18 .. 2. L. plate tectonics. Narosa Publishing House. foliation.Wesley.. Partial Fractions: Repeated linear factors. J. theorems on differentiation (sum. 3. Earth as a member of solar system. Introduction to folds. irreducible quadratic factors. Jr. nonrepeated linear factors. Recommended Books: 1. age. Smith. This will help the student to get the knowledge about different types of rocks and minerals. Differentiation: Basic formulas of differentiations. lineation and unconformities.B. 4th Ed. Course Outlines Introduction and scope of geology and geography. New Delhi. faults. different earth processes like mountain buildings. Chatterjee. Calculus and Analytical Geometry. Trignometry for College students. Chain rule. 10th Ed. COURSE 5 English-I (Functional English) Annexure . theorem of integration. Scott Foresman and Company. igneous and metamorphic rocks. G. S. Weathering. Analytical Geometry. Brooks/Cole Publishing Company.Cramer’s Rule. composition and its internal structure. and Finney. Fossils and their significance. derivative of six basic trigonometric functions. K. erosion and related landforms. its origin. Geological time scale and life through geological ages. Analytical Geometry of Two Dimension.A COURSE 6 3(3-0) Pakistan Studies (Compulsory) Annexure . its importance and relationship with other sciences with special reference to environment. earthquakes. the processes of their formation.B SEMESTER 2 COURSE 7 INTRODUCTION TO EARTH SCIENCES Objectives 3(2-1) This course aims to provide knowledge about the basic concepts of geology and geography. product and quotient rules without derivations). Basic principles of stratigraphy and sedimentation. joints. D. earthquakes and volcanoes. difference. Thomas. Pacific Grove. weathering and erosion. California. 1999. Integration: Formulas of integration. cleavages. Introduction to sedimentary. R. by parts integration (simple applications). The students will also be introduced to work with different type of maps and GPS system. Introduction to rocks and minerals. 4. mountain building. Abraham. Addission.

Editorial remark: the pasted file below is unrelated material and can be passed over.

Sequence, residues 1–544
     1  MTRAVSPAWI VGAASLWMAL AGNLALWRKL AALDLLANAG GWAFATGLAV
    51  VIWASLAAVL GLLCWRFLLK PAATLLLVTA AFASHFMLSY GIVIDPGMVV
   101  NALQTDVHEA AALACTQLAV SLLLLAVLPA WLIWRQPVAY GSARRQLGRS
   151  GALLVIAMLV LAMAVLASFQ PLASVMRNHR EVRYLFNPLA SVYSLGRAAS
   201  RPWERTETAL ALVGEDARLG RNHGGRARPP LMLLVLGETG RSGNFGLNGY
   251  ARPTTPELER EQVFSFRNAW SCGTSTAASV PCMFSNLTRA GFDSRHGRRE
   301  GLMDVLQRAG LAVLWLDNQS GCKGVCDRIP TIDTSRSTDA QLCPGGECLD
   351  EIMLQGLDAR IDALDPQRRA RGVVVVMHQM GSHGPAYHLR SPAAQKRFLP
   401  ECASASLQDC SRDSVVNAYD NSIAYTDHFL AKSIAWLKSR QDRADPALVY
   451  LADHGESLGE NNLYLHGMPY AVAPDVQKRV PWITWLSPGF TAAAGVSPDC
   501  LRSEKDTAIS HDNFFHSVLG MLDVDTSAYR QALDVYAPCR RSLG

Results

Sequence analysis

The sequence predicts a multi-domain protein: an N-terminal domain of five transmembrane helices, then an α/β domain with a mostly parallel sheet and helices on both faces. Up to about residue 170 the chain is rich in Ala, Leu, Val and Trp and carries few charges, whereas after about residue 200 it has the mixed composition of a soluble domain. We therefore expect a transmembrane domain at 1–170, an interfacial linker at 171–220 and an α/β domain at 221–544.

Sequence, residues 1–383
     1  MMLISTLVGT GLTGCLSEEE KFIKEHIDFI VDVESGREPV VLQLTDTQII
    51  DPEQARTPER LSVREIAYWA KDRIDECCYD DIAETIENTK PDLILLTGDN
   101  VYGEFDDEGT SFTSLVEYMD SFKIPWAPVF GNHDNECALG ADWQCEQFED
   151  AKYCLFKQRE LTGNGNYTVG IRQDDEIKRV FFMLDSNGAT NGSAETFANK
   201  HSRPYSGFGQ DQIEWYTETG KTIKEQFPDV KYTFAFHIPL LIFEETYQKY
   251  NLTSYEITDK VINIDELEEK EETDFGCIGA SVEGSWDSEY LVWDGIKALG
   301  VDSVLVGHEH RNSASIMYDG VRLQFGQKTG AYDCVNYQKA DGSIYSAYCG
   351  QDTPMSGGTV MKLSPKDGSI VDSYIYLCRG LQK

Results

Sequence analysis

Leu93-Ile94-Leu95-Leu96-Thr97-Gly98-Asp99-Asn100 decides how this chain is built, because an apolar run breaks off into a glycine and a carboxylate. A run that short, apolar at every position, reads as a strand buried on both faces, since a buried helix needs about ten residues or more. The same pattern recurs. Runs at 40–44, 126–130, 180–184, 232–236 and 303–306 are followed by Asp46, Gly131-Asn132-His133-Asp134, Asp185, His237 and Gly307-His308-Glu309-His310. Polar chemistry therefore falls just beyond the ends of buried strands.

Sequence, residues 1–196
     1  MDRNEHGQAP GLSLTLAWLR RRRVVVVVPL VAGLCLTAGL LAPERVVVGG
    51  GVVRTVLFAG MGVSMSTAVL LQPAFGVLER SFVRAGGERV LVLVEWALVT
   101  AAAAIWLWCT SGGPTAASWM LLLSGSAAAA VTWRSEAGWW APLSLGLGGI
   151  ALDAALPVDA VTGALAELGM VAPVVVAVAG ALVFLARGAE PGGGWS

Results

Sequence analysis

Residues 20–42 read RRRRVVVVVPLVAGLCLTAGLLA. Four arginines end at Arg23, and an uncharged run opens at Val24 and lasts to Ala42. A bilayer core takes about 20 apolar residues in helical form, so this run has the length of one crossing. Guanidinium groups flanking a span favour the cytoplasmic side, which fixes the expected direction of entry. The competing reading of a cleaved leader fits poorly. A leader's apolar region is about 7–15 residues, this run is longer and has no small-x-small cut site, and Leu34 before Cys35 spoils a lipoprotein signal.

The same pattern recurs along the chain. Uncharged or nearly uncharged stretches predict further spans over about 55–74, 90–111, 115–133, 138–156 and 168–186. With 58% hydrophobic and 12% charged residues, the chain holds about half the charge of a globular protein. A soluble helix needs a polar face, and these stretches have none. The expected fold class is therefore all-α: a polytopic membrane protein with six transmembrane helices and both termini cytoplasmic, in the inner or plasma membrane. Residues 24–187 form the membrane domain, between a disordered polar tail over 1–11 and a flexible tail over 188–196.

Biodiversity: Elements of biodiversity. Lamarckism. COURSE 8 BIOLOGY . unicellularity. population loss and decline. examples of adjustments in varied environment. Earth: An Introduction to Physical Geology. 19 . Course Outlines Introduction: Biosphere and biological resources. and Tasa. 5th Edition. different classification systems. molecular basis of biodiversity. A.. 2007 2. Geographical aspects of biodiversity. Use of brunton compass and GPS. R. Prentice Hall. D. Physical Geology and Process of Science. Extinction: Ecological extinction and extirpation. Origin of taxonomy: Origin of species. Historical geology: Evolution of Earth and Life Through Time. Darwinism. Tarbuck. Lutgens. It describes the origin of taxonomic categories and explains biodiversity with special reference to decline and extinction of species and conservation. biodiversity crises. 3rd Edition. Biodiversity of deserts... Foundations of Structural Biology. and Monroe. animals). 5.. 9th Edition. J. K. modern concepts. E. K. measuring biodiversity. and Tasa. 4. environmental changes and the basis of homeostasis in organisms.II Objectives 3 (2-1) This course aims to introduce the biosphere and its evolution. Brooks/Cole. Geological time chart with biodiversity. R. Evolution of biosphere: Origin of life. Biodiversity of canal.. Biodiversity of hilly areas. interactions among diversified life. F. Earth Science. protocell formation. G. Prentice Hall.. J. Park. Diversity of life and ecological factors: Homeostasis. Life in sea. crucial for organisms’ sustainability.Identification of rocks and minerals. 2004. invasion of life on land. Studies on structural diversity in plants and animals and their adaptation to their habitat. Evolution as a force in diversity of life: Overview of earlier theories. 11th Edition. J. F. Routledge. Lab Work Biodiversity studies in botanical and zoological gardens (plants. 2005.. taxonomic categories and modern criteria of classification. How Does Earth Work.Lab Work Study of earth relief features with the help of topographical models and thematic maps.. E.. Field Study tour. multicellularity. G. Tarbuck. Wicander. causes of extinction. D. 2007 3. river / stream bank and microscopic biodiversity of its water. Recommended Books: 1. and Pun. Prentice Hall: 2006. Lutgens. Smith. consequences of losing biodiversity.